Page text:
-Ice Armor(once per day). The wearer is encapsulated with a thick cast of ice. Wearer moves at half normal rate. Ice Armor grants the wearer 20 additional HP; when this HP is lost, the Armor is considered shattered. Fire attacks deal 2x damage while Ice Armor is in effect. While Ice Armor is in effect, the wearer cannot cast spells or use normal weapons, however the Armor’s fists do 2d12 damage.
-Rays of Snow (unlimited). Shoots a light blue bolt with a range of 30 ft. deals 1d3 cold damage to any targets in its path. Additionally, snow will fall on or from any targets struck for 1d4 rounds.
-Ice Beam (8 per day) – Shoots a dark blue bolt with a range of 20 ft. deals 2d6 cold damage. 2-7 damage, targets must save vs Paralysis or be partially trapped in ice. 8-12 damage, targets must save vs Paralysis or be completely encased in ice.

Anyway, Happy Gaming and Happy Thanksgiving!

Can a setting like Adventure Time work in a Tabletop RPG?

I’ll admit, I’ve done some brainstorming on how Adventure Time could work, either as a board game or tabletop rpg. Nothing serious, just some flights of fancy that never go very far.

The difficulty that Adventure Time, or ANY truly fantastical setting where anything is possible, poses is that rules exist to limit the infinite possibilities of fantasy. Most systems would ground a setting where nothing is grounded.

Let’s take a look at some characters-
Finn is essentially a powerless (or rather “unpowered”) character* whose problem solving abilities, luck, attitude and status as protagonist renders him invincible in what is actually an incredibly deadly and dangerous fantasy setting full of magical monsters and near unstoppable horrors.

Jake, on the other hand, has almost limitless powers as a magic dog with near infinite shape shifting and virtual invulnerability but, unless he has Finn helping him,  is pretty easily defeated due to his many character flaws (greed, egocentrism, laziness).

Ice King is a deranged, megalomaniacal wizard hellbent on kidnapping women. In Adventure Time, he’s a creepy joke, but in a more serious gaming setting, he’d be a pretty threatening high level wizard, armed to the teeth with cold and paralyzing magic.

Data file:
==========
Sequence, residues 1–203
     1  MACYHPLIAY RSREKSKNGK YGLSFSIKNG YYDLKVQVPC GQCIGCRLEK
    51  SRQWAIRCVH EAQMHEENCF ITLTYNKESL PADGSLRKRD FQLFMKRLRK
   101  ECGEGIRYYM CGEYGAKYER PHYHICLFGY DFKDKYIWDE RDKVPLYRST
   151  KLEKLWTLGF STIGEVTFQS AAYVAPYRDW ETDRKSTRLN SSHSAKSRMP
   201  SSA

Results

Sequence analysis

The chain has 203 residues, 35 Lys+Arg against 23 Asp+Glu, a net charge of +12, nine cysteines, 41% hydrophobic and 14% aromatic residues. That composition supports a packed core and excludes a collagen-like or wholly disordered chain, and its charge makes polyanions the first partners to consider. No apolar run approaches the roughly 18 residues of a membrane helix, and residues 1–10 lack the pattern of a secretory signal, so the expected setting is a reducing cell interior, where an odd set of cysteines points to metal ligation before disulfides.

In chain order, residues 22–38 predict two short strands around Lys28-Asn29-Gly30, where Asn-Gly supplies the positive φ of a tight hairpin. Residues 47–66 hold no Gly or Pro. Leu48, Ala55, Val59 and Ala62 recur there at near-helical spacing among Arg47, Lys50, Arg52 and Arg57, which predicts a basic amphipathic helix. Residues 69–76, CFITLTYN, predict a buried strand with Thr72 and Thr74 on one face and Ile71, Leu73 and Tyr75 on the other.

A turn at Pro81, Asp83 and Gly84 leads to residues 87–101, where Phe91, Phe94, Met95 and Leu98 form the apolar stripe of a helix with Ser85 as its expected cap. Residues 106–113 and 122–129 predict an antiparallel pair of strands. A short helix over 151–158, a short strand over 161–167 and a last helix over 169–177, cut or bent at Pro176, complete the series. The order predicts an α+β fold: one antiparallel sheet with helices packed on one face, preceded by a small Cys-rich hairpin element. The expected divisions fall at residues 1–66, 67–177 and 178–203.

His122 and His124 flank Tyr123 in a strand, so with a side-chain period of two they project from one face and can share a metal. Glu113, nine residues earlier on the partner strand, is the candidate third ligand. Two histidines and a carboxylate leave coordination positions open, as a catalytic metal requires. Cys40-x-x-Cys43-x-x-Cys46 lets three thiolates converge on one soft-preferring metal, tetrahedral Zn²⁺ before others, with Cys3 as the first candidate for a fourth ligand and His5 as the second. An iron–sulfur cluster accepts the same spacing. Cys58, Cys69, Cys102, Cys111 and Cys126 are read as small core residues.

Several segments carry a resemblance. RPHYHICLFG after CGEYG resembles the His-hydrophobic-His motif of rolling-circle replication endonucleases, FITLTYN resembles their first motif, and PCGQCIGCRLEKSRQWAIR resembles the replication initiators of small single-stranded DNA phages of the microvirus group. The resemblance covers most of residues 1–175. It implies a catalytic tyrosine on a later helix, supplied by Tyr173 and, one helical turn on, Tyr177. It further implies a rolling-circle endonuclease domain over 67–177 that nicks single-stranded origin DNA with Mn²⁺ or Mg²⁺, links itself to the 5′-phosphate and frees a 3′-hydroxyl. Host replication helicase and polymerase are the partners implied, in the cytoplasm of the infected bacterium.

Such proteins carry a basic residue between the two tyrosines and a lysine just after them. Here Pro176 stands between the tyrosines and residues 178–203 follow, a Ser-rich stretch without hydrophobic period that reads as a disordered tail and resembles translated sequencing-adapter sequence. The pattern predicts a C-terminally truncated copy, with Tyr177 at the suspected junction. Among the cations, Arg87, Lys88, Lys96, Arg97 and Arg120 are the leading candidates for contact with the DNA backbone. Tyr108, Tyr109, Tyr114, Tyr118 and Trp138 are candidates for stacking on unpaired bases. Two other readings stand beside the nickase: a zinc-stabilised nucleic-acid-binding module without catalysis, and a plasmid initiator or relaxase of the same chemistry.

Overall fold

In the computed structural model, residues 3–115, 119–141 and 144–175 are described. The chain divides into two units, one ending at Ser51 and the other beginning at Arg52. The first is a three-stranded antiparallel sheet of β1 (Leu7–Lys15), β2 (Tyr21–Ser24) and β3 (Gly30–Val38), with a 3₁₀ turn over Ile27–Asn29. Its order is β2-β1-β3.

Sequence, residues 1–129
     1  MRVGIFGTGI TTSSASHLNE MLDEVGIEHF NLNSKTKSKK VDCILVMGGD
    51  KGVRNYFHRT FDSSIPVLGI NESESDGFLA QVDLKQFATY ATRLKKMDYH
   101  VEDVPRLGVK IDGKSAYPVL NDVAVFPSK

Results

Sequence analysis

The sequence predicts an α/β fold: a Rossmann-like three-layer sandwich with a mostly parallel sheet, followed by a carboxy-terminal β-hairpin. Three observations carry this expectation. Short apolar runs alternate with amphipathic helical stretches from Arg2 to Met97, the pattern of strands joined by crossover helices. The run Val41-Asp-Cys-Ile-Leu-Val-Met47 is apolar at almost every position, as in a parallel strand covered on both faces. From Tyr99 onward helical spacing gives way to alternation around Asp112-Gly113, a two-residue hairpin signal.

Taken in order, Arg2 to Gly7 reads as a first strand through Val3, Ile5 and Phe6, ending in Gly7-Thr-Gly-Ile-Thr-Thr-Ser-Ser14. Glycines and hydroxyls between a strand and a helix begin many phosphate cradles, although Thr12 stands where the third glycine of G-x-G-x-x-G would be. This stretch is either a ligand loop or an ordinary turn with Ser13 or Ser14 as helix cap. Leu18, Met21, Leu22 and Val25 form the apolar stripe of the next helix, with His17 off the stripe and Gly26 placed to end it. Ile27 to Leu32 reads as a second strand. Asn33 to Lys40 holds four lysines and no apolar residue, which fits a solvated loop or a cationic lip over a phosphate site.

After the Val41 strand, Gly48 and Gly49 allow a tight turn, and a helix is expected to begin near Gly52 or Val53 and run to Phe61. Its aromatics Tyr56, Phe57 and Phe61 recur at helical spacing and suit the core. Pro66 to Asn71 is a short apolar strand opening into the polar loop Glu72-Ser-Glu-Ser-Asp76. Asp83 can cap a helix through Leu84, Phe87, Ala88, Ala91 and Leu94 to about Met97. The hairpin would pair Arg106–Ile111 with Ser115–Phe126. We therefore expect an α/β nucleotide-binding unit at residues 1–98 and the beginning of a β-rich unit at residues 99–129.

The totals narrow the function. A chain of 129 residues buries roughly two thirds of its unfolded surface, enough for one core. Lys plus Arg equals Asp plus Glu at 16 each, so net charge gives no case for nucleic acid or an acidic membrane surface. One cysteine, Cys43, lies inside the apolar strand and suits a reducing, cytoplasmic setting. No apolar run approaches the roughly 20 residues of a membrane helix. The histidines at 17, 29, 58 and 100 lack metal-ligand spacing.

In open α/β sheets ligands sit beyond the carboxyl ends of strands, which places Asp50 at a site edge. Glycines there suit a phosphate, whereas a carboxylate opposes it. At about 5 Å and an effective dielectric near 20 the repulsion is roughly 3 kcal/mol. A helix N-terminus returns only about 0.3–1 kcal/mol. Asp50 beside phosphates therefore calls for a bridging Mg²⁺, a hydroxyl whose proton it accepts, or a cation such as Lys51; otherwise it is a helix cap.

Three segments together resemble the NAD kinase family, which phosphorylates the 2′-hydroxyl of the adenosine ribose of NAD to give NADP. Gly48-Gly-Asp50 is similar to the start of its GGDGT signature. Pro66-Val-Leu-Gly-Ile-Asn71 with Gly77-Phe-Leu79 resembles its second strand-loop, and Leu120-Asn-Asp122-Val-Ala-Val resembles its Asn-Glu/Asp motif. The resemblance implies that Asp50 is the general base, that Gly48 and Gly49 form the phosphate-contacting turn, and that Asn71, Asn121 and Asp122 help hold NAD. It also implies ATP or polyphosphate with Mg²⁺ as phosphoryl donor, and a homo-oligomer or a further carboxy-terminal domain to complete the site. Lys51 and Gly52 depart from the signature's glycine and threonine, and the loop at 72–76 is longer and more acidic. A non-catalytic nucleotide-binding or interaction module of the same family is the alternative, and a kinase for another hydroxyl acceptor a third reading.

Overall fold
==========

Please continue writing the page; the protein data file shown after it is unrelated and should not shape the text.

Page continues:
Assorted monsters in Ooo are often either deceptively cute squamous horrors or squamous horrors thru-and-thru. One of the things they often have in common are some very specific weakness or blind spot that must be taken advantage of. Also present are every sort of evil undead imaginable.

All magic in Adventure Time follows rules, but in a self contained manner (i.e. each spell or artifact is subject to the rules that govern that specific spell/artifact, but variety of spells and accompanying rules is pretty boundless). If you can magic it, anything goes, unless someone can outmagic you, either through power or cleverness (like the strategic use of Cantrips in Wizard Battle). Also, magic powers are either inborn or artifact given, though people who’ve acquired them through either means can be wizards; there does not seem to be any distinction.

A diceless system that relied entirely on problem solving would be the best way to accommodate a setting like Ooo. Riddles, puzzle monsters, and negotiations for players to wind their way through would replace typical rolling for searches/traps/actions and punch-face tit-for-tat battling. Capture & imprisonment other than death, go back to start, do not collect 200 gold.

But is this really a “system”? How does one convey the danger, horror and hostility of Ooo, which rivals Carcosa? How does one deal with the threat of PC death in a tabletop RPG that is more Neverhood than Neverwinter? Can play be balanced? Should it? It’s the sort of thing that would only appeal to certain kinds of players, but could be a fun diversion from your typical dungeon crawl. Players and DMs would have to be ready for any possibilities and contingencies within the story and exploration.

*:I’m reminded of reading an article somewhere that went to the effect of “If a group of 1st-5th level characters somehow defeat a Lich, it doesn’t mean they outsmarted the Lich, it means the DM played the Lich wrong.”